Excavation of the ancient city of Morgantina in southeastern Sicily since 1955 has recovered an extraordinary quantity and variety of pottery, both locally made and imported. This volume presents the fine-ware pottery dating between the second half of the fourth century BCE, when Morgantina was a thriving inland center closely tied to the Hellenistic east through Syracuse, and the first half of the first century CE, when Morgantina had been reduced to a dwindling Roman provincial town that would soon be abandoned. Bearing gloss and often paint or relief, these fine ceramics were mostly tableware, and together they provide a well-defined picture of the evolving material culture of an important urban site over several centuries. And since virtually all these vessels come from dated deposits, this volume provides wide-ranging contributions to the chronology of Hellenistic and early Roman pottery.
An introductory chapter sketches out a comprehensive history of the city, discusses the many well-dated archaeological deposits that contained the excavated pottery, and defines the major fabrics of the ceramics found at the site. The bulk of the volume consists of a scholarly presentation of more than 1,500 pottery vessels, analyzing their shapes, fabrics, chronology, decoration, and techniques of fabrication.
This rich ceramic material includes significant bodies of Republican black-gloss and red-gloss vases, Sicilian polychrome ware, and Eastern Sigillata A, as well as early Italian terra sigillata, with numerous examples imported from Arezzo and other Italian centers, along with regional versions from Campania and elsewhere on Sicily. The relief ware includes important groups of third-century BCE medallion cups and hemispherical moldmade cups of the second and first centuries BCE.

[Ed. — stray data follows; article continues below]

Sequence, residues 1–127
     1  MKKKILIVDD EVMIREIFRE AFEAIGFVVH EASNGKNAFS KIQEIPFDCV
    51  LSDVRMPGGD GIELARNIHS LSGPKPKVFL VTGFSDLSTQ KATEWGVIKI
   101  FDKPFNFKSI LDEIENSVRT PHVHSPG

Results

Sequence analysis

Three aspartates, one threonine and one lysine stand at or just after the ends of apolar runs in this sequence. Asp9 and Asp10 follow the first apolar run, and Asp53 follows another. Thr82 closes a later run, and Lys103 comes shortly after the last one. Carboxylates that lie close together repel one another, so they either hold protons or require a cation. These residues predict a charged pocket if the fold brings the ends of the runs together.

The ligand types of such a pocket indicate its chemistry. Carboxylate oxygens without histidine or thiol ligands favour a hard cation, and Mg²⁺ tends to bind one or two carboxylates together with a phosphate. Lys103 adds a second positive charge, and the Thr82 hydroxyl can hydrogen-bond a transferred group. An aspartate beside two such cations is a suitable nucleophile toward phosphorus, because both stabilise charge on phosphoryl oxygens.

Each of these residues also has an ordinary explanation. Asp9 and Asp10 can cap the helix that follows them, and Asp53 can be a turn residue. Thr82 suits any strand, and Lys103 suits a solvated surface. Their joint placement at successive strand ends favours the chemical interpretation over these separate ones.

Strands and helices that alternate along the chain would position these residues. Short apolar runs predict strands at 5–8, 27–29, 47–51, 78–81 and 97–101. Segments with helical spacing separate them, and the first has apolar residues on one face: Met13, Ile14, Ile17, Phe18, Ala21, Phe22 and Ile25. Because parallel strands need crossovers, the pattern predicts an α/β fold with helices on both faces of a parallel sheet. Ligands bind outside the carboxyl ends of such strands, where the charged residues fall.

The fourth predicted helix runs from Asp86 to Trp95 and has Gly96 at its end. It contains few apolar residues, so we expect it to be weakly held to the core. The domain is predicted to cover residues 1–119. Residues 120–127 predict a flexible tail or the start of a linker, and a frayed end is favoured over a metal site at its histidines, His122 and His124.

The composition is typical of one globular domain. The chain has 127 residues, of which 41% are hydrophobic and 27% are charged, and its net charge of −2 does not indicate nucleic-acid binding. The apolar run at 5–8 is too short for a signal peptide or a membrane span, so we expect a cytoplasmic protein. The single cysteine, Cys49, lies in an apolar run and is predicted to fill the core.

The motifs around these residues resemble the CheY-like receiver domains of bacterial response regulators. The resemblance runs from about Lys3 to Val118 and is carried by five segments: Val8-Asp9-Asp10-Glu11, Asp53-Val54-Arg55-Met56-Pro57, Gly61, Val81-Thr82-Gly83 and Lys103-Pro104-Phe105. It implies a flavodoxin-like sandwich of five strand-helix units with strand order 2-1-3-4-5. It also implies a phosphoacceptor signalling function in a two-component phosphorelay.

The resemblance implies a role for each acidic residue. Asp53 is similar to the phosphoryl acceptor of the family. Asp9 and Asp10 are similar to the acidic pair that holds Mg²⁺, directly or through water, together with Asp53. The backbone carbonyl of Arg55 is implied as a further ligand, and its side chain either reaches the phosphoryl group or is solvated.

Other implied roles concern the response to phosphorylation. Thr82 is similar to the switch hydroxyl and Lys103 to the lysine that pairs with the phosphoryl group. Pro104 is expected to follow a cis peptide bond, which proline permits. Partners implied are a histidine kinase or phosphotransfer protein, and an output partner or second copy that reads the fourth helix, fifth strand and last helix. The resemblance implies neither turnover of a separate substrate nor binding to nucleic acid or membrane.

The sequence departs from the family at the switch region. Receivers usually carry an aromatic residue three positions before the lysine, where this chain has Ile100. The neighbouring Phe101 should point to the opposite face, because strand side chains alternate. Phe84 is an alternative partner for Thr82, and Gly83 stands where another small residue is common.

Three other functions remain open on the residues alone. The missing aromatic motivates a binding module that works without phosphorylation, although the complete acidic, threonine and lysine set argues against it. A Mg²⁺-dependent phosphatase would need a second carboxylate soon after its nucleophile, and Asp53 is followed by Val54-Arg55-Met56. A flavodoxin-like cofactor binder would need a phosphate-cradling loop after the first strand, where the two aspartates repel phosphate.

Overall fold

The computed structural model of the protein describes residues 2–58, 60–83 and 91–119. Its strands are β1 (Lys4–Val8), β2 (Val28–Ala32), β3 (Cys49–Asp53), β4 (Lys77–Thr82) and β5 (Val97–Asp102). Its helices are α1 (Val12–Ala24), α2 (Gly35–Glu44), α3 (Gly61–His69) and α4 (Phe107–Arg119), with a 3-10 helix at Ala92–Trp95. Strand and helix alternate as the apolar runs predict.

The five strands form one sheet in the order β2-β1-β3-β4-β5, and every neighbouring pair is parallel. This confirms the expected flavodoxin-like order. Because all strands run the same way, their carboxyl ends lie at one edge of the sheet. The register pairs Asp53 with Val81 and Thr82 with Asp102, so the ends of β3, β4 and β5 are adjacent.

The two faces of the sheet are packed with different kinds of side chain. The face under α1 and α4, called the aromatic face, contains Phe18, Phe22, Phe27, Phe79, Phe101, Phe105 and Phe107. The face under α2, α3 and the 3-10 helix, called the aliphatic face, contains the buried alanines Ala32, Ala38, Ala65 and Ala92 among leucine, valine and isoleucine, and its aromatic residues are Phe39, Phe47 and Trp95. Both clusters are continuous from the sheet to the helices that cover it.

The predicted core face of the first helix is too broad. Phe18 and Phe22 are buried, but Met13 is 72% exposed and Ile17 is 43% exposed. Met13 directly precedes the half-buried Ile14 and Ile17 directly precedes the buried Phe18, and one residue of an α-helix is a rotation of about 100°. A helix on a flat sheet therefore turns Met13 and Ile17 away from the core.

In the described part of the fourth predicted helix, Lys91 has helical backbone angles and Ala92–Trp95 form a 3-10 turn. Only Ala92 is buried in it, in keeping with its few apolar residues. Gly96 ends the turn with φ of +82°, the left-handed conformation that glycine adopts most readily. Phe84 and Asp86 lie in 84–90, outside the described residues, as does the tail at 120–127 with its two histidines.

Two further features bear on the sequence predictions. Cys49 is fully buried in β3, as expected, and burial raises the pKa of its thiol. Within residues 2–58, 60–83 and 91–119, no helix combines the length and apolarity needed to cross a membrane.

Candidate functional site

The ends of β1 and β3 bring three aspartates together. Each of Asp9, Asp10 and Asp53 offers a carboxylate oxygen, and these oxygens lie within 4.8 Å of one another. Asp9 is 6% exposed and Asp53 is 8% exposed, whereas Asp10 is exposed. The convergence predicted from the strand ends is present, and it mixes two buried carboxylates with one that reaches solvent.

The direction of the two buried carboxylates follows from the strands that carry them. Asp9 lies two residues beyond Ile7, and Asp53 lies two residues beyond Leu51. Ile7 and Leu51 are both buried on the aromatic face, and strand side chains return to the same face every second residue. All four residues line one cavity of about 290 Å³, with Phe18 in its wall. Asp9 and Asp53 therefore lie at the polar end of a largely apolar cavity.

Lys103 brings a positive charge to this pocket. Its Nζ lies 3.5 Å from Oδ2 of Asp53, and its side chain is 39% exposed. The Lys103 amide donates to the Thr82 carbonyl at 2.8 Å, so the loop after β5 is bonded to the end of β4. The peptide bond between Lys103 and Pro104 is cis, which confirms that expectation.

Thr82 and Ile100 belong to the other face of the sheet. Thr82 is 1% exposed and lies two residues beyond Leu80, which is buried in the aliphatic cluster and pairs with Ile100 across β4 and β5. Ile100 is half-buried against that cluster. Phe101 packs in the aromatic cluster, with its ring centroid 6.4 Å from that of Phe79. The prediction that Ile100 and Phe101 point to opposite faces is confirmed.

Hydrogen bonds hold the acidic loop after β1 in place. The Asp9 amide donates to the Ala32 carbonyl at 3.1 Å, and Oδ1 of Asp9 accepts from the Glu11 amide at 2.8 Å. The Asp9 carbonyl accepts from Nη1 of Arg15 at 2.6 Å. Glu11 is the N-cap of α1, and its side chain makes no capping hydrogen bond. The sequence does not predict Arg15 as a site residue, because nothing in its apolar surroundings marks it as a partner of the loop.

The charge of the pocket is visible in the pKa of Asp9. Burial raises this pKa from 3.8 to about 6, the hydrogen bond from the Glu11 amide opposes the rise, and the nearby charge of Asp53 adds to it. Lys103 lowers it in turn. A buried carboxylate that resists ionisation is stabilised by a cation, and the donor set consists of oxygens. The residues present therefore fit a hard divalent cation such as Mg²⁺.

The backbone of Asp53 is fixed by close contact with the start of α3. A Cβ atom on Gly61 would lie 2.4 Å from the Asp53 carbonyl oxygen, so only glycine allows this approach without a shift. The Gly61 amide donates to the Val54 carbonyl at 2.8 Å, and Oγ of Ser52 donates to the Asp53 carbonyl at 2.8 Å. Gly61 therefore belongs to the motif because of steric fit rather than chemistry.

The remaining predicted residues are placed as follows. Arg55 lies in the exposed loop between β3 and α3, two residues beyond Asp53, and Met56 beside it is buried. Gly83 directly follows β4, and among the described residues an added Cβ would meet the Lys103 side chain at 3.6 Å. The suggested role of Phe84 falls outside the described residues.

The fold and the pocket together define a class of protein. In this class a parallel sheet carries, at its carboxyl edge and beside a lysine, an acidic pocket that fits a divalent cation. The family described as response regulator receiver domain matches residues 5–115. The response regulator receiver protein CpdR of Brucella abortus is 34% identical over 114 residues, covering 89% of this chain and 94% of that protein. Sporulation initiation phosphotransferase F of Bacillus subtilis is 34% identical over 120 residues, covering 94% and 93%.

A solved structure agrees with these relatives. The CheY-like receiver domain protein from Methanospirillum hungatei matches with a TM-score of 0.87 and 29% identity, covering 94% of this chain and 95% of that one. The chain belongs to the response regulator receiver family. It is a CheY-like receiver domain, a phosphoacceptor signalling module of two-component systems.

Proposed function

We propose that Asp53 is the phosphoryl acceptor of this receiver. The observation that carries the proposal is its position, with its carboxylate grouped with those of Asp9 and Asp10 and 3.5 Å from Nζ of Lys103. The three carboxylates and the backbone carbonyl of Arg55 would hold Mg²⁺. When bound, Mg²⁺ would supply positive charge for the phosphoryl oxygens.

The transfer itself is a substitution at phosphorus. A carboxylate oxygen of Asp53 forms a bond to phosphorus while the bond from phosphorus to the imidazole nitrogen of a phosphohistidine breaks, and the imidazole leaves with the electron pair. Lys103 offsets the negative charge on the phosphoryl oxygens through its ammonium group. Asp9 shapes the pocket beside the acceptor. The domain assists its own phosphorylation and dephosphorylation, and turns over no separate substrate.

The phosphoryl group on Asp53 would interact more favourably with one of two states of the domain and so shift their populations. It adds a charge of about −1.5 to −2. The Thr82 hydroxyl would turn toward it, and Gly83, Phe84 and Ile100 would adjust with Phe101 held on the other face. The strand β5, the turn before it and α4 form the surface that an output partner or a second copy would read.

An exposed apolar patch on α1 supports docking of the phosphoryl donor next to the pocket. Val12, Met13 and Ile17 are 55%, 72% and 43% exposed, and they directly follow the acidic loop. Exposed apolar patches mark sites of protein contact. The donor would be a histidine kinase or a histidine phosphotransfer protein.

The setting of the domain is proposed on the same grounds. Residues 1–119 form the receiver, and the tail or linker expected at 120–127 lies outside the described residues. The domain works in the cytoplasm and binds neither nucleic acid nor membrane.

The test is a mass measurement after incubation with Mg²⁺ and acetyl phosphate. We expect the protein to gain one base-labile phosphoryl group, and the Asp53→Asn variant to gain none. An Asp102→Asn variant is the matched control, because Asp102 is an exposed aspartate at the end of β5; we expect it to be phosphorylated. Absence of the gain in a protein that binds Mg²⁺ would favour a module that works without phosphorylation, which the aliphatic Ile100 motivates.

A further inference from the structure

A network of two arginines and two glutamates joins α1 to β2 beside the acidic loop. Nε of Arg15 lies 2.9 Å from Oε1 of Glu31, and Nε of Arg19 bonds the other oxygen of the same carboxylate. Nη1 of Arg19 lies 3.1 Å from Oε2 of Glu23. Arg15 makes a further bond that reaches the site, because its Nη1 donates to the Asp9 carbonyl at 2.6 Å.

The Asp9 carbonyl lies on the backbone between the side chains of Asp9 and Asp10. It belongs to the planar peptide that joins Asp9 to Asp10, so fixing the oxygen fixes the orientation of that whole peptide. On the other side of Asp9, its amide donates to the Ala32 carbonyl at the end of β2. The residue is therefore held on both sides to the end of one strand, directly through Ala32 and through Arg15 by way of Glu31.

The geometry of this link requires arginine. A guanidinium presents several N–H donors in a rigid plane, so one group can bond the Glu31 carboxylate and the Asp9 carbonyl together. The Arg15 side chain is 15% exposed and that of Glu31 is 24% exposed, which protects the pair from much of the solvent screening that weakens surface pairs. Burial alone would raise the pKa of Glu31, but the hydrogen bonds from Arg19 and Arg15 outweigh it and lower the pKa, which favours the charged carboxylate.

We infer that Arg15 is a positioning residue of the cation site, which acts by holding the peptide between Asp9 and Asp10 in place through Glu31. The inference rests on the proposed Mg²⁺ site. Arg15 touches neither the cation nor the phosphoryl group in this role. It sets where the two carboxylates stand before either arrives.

Morgantina was also an active center of pottery production, and the debris from several workshops has been recovered, enabling Shelley Stone to reconstruct the working techniques and materials of the local craftsmen, the range of ceramics they produced, and how their products were influenced by pottery imported to the site from elsewhere on Sicily, the Italian mainland, and even more distant centers. The volume also presents new information about the sources of the clay used by the Morgantina potters, as revealed by X-ray fluorescence analysis of selected vases.
Shelley C. Stone is professor of art history at California State University, Bakersfield, and has been a staff member of the excavations at Morgantina in Sicily since 1977. He has published on Greek and Roman pottery, Roman costume and sculpture, and Sicilian history. He is currently working on the publication of the Hellenistic and Roman plain pottery and the lamps found at Morgantina.
"This is a magisterial work, huge in its scope, exhaustively documented, and thoroughly authoritative. By virtue of its size and the manner of its excavation, with context carefully recorded, this body of ceramics is one of the most important excavated in Sicily for the period. The book will be tremendously useful for those excavating and studying the ceramics of Sicilian sites; I venture to predict that it will become a bible, much like the famous Agora XII of Brian Sparkes and Lucy Talcott. Because Morgantina imported a variety of wares, it will also become a source of dated comparanda for sites in other parts of the Mediterranean. This is a welcome addition to the library of works that present large and well-dated collections of Greek and Roman pottery."--Susan I. Rotroff, Washington University in St. Louis